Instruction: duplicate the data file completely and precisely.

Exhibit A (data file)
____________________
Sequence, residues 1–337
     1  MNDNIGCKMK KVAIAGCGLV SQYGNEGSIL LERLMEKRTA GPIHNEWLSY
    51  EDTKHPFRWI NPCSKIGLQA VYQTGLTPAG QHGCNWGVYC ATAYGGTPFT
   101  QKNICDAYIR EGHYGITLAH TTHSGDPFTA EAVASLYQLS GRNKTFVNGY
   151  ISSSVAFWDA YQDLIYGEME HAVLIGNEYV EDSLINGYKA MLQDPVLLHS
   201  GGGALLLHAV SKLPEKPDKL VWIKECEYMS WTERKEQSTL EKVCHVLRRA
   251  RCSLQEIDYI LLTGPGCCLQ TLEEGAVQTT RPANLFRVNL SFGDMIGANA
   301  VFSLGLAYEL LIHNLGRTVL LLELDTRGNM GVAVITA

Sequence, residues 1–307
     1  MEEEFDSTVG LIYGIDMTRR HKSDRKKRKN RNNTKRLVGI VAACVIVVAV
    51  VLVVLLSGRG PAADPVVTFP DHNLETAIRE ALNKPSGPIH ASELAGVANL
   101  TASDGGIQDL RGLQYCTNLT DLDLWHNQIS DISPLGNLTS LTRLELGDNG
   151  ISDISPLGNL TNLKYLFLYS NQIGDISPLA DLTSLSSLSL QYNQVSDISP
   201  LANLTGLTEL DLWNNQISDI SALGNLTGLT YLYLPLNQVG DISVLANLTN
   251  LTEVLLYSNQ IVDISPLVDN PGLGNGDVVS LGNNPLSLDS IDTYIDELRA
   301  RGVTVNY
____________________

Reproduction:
Sequence, residues 1–337
     1  MNDNIGCKMK KVAIAGCGLV SQYGNEGSIL LERLMEKRTA GPIHNEWLSY
    51  EDTKHPFRWI NPCSKIGLQA VYQTGLTPAG QHGCNWGVYC ATAYGGTPFT
   101  QKNICDAYIR EGHYGITLAH TTHSGDPFTA EAVASLYQLS GRNKTFVNGY
   151  ISSSVAFWDA YQDLIYGEME HAVLIGNEYV EDSLINGYKA MLQDPVLLHS
   201  GGGALLLHAV SKLPEKPDKL VWIKECEYMS WTERKEQSTL EKVCHVLRRA
   251  RCSLQEIDYI LLTGPGCCLQ TLEEGAVQTT RPANLFRVNL SFGDMIGANA
   301  VFSLGLAYEL LIHNLGRTVL LLELDTRGNM GVAVITA

Sequence, residues 1–307
     1  MEEEFDSTVG LIYGIDMTRR HKSDRKKRKN RNNTKRLVGI VAACVIVVAV
    51  VLVVLLSGRG PAADPVVTFP DHNLETAIRE ALNKPSGPIH ASELAGVANL
   101  TASDGGIQDL RGLQYCTNLT DLDLWHNQIS DISPLGNLTS LTRLELGDNG
   151  ISDISPLGNL TNLKYLFLYS NQIGDISPLA DLTSLSSLSL QYNQVSDISP
   201  LANLTGLTEL DLWNNQISDI SALGNLTGLT YLYLPLNQVG DISVLANLTN
   251  LTEVLLYSNQ IVDISPLVDN PGLGNGDVVS LGNNPLSLDS IDTYIDELRA
   301  RGVTVNY